Dallas Schools, Long Segregated, Charge Forward on Diversity
Michael Hinojosa was about to enter the ninth grade in Dallas when a federal judge ordered the city’s public schools to integrate.
It was 1971, and Mr. Hinojosa, the Mexican-American son of a preacher, was suddenly reassigned to a new school, whose football coach told him that it was too late to join the squad — its roster had been set months earlier.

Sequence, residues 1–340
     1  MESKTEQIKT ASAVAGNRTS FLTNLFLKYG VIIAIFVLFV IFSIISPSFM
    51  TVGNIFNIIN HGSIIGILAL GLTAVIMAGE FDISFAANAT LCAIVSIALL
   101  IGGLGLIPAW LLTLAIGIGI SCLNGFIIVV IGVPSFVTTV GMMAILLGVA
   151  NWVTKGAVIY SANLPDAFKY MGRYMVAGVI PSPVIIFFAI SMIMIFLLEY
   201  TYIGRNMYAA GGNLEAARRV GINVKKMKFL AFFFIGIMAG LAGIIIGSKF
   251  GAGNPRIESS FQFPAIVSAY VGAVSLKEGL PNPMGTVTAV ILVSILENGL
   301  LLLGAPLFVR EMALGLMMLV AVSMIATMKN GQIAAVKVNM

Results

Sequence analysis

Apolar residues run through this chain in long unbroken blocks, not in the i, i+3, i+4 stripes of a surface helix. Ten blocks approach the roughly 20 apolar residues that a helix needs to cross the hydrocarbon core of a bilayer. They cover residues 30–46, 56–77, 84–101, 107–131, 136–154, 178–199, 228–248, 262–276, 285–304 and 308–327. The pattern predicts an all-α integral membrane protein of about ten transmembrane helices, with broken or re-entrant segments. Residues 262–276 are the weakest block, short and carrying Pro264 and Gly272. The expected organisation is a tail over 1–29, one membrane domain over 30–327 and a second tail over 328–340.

“I had a traumatic experience” with desegregation, Mr. Hinojosa said.
So, too, did Dallas. Like many cities, it replaced one form of segregation with another, as white and middle-class families moved to the suburbs or put their children in private schools.
Now Mr. Hinojosa is the superintendent, and the Dallas school system, one of the country’s most segregated urban districts, has become a national leader in trying to figure out how to encourage students of all backgrounds to willingly go to school together.